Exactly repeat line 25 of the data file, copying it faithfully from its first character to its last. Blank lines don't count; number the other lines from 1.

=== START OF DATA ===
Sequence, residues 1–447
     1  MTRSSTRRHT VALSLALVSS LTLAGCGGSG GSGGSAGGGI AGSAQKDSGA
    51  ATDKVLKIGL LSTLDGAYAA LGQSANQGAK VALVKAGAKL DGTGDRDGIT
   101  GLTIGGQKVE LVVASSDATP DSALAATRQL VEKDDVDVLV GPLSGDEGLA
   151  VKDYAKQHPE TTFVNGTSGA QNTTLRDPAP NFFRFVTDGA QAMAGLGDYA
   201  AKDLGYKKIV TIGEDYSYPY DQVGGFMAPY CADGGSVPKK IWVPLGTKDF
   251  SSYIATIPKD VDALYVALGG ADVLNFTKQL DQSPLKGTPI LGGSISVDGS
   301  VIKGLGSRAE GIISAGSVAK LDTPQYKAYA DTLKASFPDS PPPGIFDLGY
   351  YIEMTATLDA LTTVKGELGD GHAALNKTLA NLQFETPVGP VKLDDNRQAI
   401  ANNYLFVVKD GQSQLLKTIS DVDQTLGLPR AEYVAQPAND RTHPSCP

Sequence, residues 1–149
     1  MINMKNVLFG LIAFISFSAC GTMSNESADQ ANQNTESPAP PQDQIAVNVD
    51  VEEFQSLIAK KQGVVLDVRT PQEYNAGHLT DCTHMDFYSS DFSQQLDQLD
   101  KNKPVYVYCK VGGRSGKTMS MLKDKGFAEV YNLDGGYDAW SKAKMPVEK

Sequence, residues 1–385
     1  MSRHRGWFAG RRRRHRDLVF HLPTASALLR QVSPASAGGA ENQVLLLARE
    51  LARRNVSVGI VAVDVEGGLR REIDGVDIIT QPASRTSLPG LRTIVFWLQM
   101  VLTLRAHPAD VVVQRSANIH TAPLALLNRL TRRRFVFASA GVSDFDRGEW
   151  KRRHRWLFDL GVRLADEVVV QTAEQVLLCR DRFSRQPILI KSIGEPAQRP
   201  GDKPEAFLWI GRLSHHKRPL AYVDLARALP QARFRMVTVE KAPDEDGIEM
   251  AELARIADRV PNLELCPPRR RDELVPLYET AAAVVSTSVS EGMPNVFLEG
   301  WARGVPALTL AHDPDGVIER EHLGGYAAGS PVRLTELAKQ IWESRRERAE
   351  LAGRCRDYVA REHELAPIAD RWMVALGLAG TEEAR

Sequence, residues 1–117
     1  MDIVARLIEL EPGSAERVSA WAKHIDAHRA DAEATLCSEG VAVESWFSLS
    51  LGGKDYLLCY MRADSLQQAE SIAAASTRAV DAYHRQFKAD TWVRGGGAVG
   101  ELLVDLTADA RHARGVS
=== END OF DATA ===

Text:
     1  MDIVARLIEL EPGSAERVSA WAKHIDAHRA DAEATLCSEG VAVESWFSLS